I firmly believe that in a year's time, plans for vaccination of cows will be so advanced, that it will be clearly nonsense to consider going back to this policy of culling, which has no firm basis in science whatsoever. And it was in danger of alienating the farming community from the public.
I have firm hopes we will move from postponement to cancellation, and a wholehearted commitment from government to a policy of vaccination.
No recriminations, let's just move forward.
The statement by the Secretary of State for the Environment, Food and Rural Affairs confirming the postponement of the proposed badger cull contained a shameful series of evasions and errors in seeking to justify the killing of badgers and the impractical methods the Coalition proposes to use.
Nevertheless, the Badger Trust still hopes the Government will consider more carefully all the new issues that have emerged over the last few months. The Trust calls for an open and transparent public review of all the issues including the costs, public safety, practicability, science, animal welfare and the emergence of alternatives to culling.
Informed scientific opinion seeks a national bTB eradication strategy which would make clear the miniscule contribution and considerable dangers to be expected from culling.
The Badger Trust puts some of Mr Owen Paterson’s remarks into perspective.
• There is no evidence that the badger population has increased since the last estimate in 1997.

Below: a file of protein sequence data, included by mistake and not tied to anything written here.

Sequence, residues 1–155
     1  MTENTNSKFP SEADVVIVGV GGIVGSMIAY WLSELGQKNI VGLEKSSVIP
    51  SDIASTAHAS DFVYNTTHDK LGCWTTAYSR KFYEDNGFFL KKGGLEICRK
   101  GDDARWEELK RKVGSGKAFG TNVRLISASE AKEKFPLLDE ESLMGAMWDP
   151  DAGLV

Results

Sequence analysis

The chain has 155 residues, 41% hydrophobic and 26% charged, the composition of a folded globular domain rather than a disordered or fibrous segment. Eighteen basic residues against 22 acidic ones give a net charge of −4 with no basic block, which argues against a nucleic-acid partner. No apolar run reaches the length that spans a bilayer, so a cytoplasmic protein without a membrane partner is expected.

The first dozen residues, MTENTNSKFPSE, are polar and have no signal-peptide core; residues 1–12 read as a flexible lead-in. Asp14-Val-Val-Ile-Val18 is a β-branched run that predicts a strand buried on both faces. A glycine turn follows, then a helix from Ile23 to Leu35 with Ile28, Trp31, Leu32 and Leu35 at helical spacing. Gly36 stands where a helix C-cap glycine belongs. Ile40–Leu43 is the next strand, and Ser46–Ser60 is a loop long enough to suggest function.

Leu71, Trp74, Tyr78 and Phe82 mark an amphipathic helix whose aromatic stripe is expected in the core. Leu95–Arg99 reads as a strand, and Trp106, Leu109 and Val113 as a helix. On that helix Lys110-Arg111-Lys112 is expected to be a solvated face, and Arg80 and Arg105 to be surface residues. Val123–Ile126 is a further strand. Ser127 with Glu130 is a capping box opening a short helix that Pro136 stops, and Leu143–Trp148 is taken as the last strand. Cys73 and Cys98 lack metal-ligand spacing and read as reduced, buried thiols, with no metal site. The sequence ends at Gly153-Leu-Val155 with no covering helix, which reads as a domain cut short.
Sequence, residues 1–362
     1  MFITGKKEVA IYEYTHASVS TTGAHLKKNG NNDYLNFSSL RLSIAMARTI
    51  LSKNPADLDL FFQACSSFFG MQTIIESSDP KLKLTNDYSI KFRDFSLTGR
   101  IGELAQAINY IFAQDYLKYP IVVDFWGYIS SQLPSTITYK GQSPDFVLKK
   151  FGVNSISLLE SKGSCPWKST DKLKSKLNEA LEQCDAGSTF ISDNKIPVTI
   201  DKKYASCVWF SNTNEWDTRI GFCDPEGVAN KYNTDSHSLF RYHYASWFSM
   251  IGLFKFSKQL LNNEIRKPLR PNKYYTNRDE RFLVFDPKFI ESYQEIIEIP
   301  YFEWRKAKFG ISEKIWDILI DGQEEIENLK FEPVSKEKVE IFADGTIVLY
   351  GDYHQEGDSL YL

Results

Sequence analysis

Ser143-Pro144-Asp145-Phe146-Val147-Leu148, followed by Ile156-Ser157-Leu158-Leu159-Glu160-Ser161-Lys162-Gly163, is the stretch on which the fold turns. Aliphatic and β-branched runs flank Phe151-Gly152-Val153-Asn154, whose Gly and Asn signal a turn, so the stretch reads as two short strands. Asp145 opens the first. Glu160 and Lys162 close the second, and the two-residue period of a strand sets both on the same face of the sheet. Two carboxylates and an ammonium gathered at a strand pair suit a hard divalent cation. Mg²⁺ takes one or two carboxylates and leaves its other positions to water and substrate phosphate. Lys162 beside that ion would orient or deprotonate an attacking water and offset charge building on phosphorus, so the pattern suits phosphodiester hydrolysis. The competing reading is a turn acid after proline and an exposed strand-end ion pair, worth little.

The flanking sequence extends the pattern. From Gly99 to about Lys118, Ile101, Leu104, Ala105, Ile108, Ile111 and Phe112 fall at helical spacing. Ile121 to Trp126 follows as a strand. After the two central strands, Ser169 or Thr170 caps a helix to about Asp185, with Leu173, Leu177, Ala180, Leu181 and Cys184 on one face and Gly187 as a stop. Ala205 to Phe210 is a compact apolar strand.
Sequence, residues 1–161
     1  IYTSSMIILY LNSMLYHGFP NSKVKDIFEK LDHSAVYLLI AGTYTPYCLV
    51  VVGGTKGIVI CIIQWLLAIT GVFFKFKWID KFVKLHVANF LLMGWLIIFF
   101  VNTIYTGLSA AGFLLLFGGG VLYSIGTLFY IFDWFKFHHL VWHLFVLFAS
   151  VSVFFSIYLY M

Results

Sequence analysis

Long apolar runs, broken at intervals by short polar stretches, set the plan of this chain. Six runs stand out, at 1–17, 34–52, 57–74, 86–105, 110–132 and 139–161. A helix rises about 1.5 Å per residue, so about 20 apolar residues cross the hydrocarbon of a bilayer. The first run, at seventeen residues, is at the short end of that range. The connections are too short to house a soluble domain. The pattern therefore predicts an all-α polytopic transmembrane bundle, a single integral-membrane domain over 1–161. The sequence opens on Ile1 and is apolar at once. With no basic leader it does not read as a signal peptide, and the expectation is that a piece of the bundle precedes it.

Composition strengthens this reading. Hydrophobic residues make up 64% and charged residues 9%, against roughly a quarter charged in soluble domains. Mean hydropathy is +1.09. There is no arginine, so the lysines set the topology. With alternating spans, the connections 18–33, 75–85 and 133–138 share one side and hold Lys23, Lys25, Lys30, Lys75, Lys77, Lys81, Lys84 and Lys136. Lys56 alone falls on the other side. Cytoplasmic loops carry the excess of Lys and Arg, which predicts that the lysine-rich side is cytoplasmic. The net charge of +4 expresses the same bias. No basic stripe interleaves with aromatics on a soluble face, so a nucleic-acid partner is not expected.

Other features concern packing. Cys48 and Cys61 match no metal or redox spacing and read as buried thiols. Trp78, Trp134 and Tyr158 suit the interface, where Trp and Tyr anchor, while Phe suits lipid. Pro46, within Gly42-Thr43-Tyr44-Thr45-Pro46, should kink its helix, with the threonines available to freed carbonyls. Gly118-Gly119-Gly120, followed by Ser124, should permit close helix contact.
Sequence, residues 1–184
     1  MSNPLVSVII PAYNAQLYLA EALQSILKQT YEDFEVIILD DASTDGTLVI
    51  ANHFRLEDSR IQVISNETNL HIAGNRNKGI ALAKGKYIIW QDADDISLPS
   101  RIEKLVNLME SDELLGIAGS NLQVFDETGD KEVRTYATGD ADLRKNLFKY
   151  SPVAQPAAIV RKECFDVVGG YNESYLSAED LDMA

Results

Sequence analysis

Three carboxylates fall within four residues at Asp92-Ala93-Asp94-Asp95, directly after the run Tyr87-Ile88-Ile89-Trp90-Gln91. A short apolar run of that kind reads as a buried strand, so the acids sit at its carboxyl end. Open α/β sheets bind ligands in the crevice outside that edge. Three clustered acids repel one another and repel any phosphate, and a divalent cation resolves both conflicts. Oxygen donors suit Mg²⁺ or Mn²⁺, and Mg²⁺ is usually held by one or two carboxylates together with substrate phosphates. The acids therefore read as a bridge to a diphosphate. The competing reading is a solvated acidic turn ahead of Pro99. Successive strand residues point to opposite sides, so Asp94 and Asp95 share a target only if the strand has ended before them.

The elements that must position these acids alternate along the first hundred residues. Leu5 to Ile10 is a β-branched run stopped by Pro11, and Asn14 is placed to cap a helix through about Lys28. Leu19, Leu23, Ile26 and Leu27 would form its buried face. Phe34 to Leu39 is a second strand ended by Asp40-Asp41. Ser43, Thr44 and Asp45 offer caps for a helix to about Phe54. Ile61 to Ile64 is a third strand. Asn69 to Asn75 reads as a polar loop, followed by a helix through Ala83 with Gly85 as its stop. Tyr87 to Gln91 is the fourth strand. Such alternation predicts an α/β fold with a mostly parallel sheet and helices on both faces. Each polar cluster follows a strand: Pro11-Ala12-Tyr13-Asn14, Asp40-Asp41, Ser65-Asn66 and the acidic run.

• He claimed the Government had devised a much more effective culling method -- one that has never been tried and which they need pilot culls to test.
• Britain enjoyed 20 years with about 1,000 cattle slaughtered annually. The number rose when testing was disrupted by BSE and foot and mouth, but for 16 years the industry stood out against pre-movement testing.
• Ten times as many cattle are killed for diseases other than bovine TB. Compensation is paid for the TB-infected cattle, but not for the others.
• In saying no other country had tackled bTB without addressing wildlife Mr Paterson, his predecessor and the farming organisations have forgotten that the United Kingdom did so after World War II, bringing the cattle toll down from 47,476 to a low point of 628 in 1979, without killing badgers.
• Bovine TB is not currently spreading. In fact the number of cattle lost – and compensated for – has been falling from 2008 up to last year.
• The disease is not being “left unchecked”. A new range of long-awaited and overdue farm-based measures have finally been announced for next year.
• Marksmen shooting badgers at night will have to kill at least seven out of ten – but the Coalition has no idea how many badgers there are in the first place. Other species do not have to be culled to a specified minimum.
The problems for the farming industry remain unaffected by the statement. They are:
• Keep the public safe despite the secrecy about boundaries.
• How to find the badgers and achieve sufficient ‘humane’ kills.
• Get the farmers to pay up for what promise to be ever-escalating bills.
• How to keep the shooting, the identity of participating famers and landowners secret from criminal activity by protesters.
Farmers and landowners have been sadly deluded into believing in - and paying for - the proposed unholy mess based on a 40-year-old prejudice impervious to science.
oakapple wrote:I have just seen this on the Wildlife Trust site. Here we go again.
http://www.wildlifetrusts.org/news/2013 ... ull-summer